One of the notions that many people have is that martial arts masters are wise in the ways of the world. The appeal of the original “Karate Kid” movies, starring the late Pat Noriyuki Morita, or the “Kung Fu” series starring David Carradine lay partly in the fact that the martial arts teachers could not only kick butt, but they also dispensed wisdom as they kicked butt. (I can’t say what the “new” “Karate Kid” movie was like with Jackie Chan, since it came and went without me seeing it, but I suppose it uses the same formula of wimpy kid meets wise old martial arts master…I do miss the corny campiness of the Cobra Kai, though!)
That’s a nice positive stereotype, but not always true, unfortunately. And it is one we have to guard against as martial arts students looking for good instruction. Budo sensei are not necessarily good personal role models, those movies notwithstanding.
The basic concern of most martial arts training is becoming technically proficient in one’s art style. Of course, in budo it is hoped that by adhering to this long and arduous regime of physical and mental self-discipline, one’s spirit also is polished and refined as a matter of course.
That happens, I have discovered, only if the martial artist lets it happen.
To be sure, I’ve encountered amazing teachers who have served as examples to me of what it means to be the best gentlemen (and women) in the world. No matter their professional careers outside the dojo, they were decent, law-abiding citizens who offered knowledge and served as examples to us younger students for what it meant to be a contributing adult to society.
As a youngster, my judo teachers were blue-collar workers: auto mechanics, sugar plantation workers, the like. But they were family men, albeit rough around the edges, who served as examples of responsibility and public service. As I moved on to other martial arts, I always ended up with other teachers who were not only superlative in their martial arts, but also were successful adults in their personal and professional lives. In comparison, I find I fall short of many of their standards, but not through lack of trying.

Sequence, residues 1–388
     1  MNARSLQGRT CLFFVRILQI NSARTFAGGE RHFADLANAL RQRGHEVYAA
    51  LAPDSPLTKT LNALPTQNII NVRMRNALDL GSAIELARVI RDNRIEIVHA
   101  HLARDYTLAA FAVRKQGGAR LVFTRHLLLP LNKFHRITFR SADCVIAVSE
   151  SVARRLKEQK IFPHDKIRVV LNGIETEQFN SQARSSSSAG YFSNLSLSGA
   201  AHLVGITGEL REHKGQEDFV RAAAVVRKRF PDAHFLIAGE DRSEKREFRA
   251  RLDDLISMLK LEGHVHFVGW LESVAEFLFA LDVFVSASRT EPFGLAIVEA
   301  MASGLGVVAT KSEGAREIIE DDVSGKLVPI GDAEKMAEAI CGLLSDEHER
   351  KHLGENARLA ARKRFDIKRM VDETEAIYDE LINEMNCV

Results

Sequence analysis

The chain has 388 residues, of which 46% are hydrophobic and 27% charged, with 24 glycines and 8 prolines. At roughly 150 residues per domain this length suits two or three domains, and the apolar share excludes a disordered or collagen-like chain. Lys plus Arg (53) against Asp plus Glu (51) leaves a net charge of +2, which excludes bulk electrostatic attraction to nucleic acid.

You would think, therefore, that the stereotype is therefore true?
Not necessarily. For every mature, wise and knowledgeable teacher, I’ve also encountered so-called teachers who were shysters, loudmouths, arrogant abusers, sycophants and egotists. I’ve read of a local teacher put in jail for making side money trying to shake down people for a loan shark. A tae kwon do teacher is serving time here for killing a teenager in a fight in a fast food restaurant parking lot because the boy supposedly didn’t look at him with “respect.” Another teacher who had a string of martial arts schools with lots of young students had to serve time because he got caught dealing drugs.
And being Asian is no barrier to being a jerk. Ah yes, he may look like Master Po but may be just as devious as a Bernie Madoff.
I looked upon my iai sensei in Kyoto with deep respect and affection. After I left Japan, we continued to write and correspond in between my visits back. He answered my questions about the history, theory and techniques of iai, and encouraged me to dig further, to study the philosophy and spirituality behind the budo. To him, a person’s nationality was no barrier to budo training, even though he had suffered through a Manchurian prisoner of war camp under the Russian Communists before he returned to Japan at the end of World War II. As long as you were serious about training, he would teach you.
However, when he passed away, I was told that I was no longer welcome to train at the main dojo. One of my Japanese sempai was oblique as to the reason why, and I didn’t find out until I encountered several other people in the same situation that I discovered the real answer. The sensei who took over the organization hated anyone who wasn’t a native Japanese, myself included. He did everything possible to push out “gaijin” from the organization and he harangued and yelled at any teacher who allowed us to pollute the main dojo. Some teachers left the organization because of that. Others allowed foreigners to study in their own personal dojo without telling this person. One person said he had even seen this teacher physically abuse women and children, hitting them and slapping them in kendo practice, which illustrates a pattern of bad behavior that belongs to the nether regions of current budo training.
In addition, as soon as my sensei passed away, the sharks circled. A top student went to my sensei’s widow and literally “ripped off” (as one sempai told me, incredulously) all the iai DVDs, videotapes and books in my sensei’s library for his own self, before the widow knew what was going on. The widow now doesn’t want anything to do with the iai group. Could you blame her?
The really sad thing is, when I discovered the situation, I wasn’t terribly surprised. By now, I’ve come to expect such disappointments in the budo world. It’s a world of humans, after all, and humans, even in budo, are often flawed and full of human foibles.
That is why, if you find a good teacher, one who is not only technically proficient but also a decent human being, you stay with him/her. They are not the norm, just as excellence is not the norm in any endeavor. But in such a short lifetime, why NOT seek excellence? Anything less wouldn’t be worth it.